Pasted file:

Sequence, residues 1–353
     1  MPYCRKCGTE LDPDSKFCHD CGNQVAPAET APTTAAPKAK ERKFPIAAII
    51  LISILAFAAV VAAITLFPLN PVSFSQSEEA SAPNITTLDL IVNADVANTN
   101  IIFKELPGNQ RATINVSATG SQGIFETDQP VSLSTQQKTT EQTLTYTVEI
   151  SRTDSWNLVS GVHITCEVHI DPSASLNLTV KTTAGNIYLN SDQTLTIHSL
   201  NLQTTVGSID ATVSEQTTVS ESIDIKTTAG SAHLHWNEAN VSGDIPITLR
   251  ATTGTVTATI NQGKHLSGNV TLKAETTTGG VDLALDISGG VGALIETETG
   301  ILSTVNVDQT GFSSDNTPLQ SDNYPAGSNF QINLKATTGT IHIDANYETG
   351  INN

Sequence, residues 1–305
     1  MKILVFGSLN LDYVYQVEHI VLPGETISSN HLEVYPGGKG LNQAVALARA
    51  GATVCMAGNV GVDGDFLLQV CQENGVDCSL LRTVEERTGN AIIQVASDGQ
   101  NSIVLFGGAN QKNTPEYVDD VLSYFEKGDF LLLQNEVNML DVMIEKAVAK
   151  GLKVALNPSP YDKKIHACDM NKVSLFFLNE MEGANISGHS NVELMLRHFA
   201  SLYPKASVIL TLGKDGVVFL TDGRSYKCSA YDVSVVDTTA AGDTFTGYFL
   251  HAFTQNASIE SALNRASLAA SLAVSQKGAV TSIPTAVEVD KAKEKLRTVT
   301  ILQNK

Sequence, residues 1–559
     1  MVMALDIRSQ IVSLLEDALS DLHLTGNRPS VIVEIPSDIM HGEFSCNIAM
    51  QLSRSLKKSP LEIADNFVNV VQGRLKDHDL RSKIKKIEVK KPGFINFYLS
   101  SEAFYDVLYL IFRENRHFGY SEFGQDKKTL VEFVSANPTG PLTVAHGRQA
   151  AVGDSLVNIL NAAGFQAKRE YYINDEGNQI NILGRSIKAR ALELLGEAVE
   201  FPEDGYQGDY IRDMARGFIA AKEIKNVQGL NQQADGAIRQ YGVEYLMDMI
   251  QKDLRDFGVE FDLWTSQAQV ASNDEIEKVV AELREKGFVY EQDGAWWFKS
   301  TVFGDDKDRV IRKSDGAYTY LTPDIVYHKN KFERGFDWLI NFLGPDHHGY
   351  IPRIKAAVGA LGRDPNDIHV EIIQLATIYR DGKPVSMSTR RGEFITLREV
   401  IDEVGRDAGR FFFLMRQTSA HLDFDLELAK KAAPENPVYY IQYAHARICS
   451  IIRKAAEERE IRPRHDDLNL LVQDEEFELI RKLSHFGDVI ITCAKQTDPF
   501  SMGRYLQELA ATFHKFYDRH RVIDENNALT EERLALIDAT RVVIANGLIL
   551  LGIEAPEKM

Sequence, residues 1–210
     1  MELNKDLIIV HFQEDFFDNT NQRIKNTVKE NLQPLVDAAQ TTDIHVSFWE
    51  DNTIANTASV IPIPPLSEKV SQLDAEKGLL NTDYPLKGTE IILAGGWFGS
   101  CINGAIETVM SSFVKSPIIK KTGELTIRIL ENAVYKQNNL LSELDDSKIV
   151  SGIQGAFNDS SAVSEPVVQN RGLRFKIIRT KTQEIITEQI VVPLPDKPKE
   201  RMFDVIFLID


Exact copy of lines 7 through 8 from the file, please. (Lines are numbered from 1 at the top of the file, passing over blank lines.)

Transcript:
   251  ATTGTVTATI NQGKHLSGNV TLKAETTTGG VDLALDISGG VGALIETETG
   301  ILSTVNVDQT GFSSDNTPLQ SDNYPAGSNF QINLKATTGT IHIDANYETG